[Distutils] bdist_pkgtool attempt
Mon, 28 Aug 2000 21:31:43 -0400
On 27 August 2000, Mark W. Alexander said:
> And by finish you mean "finish destroying Mr. Gebel's code"?
> I don't think so....When I get back to it, it will be to do
> it right.
> No problem. For me, this was jump in, get my feet wet and see if
> I could make it work. bdist_sdux is better in that at least I
> understood the steps. My first priority is to package a bunch
> of local mods, and this has got that licked. I'm more than happy
> to take advice on the distutils way and improve it as time
OK, good, one more budding Distutils hacker with feet wet. Excellent!
Need all the help we can get.
I will take a closer look at bdist_sdux; I was worried that it would be
a hatchet job similar to bdist_pkgtool, and I hate reading cut 'n pasted
code. But first, you have to tell me what "sdux" stands for. I keep
mentally dropping the "d"...
> The problem with that is that you either A) get the info at
> build time or B) run distutils to do the actual binary install
> on the target. In my case, A is not a reliable indicator of
> where python is installed on the target machine. B loses the
> advantage of the native packager in that the file inventory
> is not registered.
Ahh, gotcha. Idea: don't use Distutils to do the install, but do take
advantage of it for the install-time scripts. Or rather, take advantage
of Python and assume that the Distutils are installed on the target
machine. Then you can do
from distutils.sysconfig import get_python_inc
libdir = get_python_lib(plat_specific=1)
instead of that nasty shell trickery-pokery.
Of course, you may have a slight chicken/egg problem in getting the
Distutils installed, if these target platforms are running 1.5.2. Umm,
left as an exercise for the reader... ;-)
Note that the other Unix bdist_* commands (dumb and rpm, at this date)
don't do anything smart about install location. They just mimic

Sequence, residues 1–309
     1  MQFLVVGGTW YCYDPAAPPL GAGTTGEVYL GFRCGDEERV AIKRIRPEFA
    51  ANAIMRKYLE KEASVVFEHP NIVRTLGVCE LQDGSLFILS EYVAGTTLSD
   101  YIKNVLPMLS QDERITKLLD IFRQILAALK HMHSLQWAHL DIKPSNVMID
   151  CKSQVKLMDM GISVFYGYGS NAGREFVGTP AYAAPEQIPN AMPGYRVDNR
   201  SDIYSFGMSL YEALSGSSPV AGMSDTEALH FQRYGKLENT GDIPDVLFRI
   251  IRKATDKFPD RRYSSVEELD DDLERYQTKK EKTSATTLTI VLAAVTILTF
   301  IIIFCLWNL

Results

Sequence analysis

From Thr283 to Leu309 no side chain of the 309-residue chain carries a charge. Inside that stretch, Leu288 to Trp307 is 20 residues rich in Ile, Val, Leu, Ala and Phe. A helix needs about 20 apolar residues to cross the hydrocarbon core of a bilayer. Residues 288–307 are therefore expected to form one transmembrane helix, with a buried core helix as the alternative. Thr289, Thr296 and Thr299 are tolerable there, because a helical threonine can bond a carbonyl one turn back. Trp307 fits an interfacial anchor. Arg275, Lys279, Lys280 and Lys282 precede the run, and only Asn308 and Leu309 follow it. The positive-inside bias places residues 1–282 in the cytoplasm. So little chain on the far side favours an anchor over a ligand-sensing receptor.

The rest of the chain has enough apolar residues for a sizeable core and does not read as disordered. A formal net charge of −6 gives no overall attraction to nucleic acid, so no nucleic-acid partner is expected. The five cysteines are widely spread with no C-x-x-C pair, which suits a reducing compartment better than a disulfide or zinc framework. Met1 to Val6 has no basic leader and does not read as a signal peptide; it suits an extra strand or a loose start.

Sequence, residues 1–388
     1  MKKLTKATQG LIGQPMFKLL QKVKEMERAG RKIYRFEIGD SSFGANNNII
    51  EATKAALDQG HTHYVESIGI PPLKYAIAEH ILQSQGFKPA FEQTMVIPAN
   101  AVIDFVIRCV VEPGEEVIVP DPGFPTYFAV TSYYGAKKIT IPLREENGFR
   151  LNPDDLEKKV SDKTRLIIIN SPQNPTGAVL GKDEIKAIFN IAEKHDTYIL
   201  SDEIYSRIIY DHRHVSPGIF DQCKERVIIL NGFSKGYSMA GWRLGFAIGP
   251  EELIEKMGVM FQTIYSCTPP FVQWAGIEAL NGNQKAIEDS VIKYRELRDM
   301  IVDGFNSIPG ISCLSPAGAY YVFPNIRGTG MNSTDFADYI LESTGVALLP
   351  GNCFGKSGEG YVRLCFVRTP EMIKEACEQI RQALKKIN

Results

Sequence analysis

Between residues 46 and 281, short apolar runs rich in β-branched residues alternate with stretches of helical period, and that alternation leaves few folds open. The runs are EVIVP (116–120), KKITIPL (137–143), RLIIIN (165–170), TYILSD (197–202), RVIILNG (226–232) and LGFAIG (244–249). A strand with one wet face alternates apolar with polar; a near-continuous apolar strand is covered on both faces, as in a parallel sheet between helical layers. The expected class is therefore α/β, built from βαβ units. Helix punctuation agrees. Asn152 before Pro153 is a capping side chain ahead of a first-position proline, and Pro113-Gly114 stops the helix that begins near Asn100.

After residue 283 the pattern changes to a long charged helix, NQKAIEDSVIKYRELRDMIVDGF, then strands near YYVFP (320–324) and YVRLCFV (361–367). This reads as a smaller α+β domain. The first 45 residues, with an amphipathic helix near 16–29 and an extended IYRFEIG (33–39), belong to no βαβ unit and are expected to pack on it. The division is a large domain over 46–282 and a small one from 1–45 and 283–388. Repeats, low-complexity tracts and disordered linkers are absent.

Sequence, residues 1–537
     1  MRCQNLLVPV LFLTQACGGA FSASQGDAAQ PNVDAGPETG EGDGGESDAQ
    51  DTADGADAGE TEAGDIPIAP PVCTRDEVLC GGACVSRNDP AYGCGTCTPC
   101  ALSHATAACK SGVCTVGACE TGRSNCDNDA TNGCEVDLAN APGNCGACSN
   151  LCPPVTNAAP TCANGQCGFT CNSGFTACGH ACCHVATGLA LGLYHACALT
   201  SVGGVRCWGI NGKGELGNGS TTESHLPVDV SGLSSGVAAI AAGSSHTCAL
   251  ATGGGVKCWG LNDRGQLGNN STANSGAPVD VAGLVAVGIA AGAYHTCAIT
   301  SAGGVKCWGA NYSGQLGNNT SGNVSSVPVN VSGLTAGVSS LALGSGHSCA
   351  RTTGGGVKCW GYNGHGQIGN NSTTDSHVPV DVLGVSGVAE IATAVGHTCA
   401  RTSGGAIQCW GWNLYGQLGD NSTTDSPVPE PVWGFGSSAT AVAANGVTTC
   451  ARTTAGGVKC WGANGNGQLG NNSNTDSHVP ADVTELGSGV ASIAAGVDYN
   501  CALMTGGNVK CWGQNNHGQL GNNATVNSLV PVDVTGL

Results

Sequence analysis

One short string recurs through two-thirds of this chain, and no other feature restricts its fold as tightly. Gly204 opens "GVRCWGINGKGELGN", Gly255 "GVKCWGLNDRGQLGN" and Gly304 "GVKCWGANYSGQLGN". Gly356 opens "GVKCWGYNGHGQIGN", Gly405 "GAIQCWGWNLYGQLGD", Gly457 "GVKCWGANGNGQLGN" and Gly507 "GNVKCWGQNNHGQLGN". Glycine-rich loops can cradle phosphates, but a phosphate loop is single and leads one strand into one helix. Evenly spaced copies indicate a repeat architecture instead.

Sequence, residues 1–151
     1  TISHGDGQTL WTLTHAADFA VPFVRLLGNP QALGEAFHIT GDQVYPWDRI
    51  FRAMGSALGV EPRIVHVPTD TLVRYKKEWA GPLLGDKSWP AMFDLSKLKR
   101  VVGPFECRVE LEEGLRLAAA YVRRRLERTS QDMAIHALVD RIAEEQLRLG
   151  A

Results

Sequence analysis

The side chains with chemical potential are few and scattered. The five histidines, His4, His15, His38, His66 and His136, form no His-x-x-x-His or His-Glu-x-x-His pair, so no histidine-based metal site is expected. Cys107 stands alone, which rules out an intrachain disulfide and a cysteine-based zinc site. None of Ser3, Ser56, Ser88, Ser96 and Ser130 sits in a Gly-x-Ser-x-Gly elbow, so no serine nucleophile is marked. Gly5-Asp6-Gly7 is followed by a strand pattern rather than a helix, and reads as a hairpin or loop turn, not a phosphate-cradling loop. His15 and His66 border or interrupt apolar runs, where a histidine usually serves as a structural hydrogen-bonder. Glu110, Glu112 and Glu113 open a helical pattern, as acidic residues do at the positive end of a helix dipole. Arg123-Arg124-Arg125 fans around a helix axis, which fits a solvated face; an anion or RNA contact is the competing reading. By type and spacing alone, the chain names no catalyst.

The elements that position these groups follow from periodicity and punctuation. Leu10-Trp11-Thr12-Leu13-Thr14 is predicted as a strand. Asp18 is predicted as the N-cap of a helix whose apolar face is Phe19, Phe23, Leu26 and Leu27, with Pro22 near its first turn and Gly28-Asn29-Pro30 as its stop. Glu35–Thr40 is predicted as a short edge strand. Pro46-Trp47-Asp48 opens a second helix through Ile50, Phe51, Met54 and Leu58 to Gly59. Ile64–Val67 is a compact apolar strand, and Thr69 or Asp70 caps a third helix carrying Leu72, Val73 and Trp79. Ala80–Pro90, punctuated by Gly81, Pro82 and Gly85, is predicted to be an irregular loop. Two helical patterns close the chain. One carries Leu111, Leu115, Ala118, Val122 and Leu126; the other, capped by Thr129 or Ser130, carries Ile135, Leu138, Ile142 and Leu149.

whatever the structure on the build host was. This is just fine for
bdist_rpm; if you're building and RPM for Red Hat 6.2, you should be
doing so with the Red Hat 6.2 Python interpreter. For bdist_dumb, it's
just laziness on my part -- and the only real way to deal with the
potential prefix/exec-prefix distinction.
General principle: when writing a bdist_* command, I won't bite your
head off if you assume that the target system's Python installation is
the same as the build system's. At least for Unix: I think on Windows,
it's important to adjust to the user's preferred location for Python.
Probably the same for Mac OS... someday. ;-)
> > Oh, and of course I have a burning and irrational hatred of Solaris
> > which, unlike my burning and irrational hatred of Windows, stems from
> > actual use. So the idea of lifting a finger to help Sun, even as
> > indirectly as this, really sticks in my craw. >grin<
> There's nothing irrational about it;-) But, distutils really needs
> to support it, along with the other big unnamed ones. Having
> to work on Solaris and HP are bad enough, but to do so without
> Python is simply cruel and unusual punishment.
Yeah, you're right; no point in punishing the poor hapless souls stuck
with the evil spawn of Sun. My sympathies.
> So...don't help Sun, help me and others like me. First, forget
> this one, I'll clean it up later. Give me constuctive
> criticism on bdist_sdux (which has a completely different
> relocation nightmare) and I'll retrofit the advice to
> pgktool. At the very least, point me to some description
> of the inputs to the bdist_XXX modules and the setup
> and use of bdist module options. I mean, if you want
> quality bdist_modules, you need to give quality
What, the source code isn't documentation enough? ;-)
Well, Fred has been pushing me to write some "Distutils Internals"
documentation. Back to the docs...
Greg Ward - Unix geek firstname.lastname@example.org
Very few profundities can be expressed in less than 80 characters.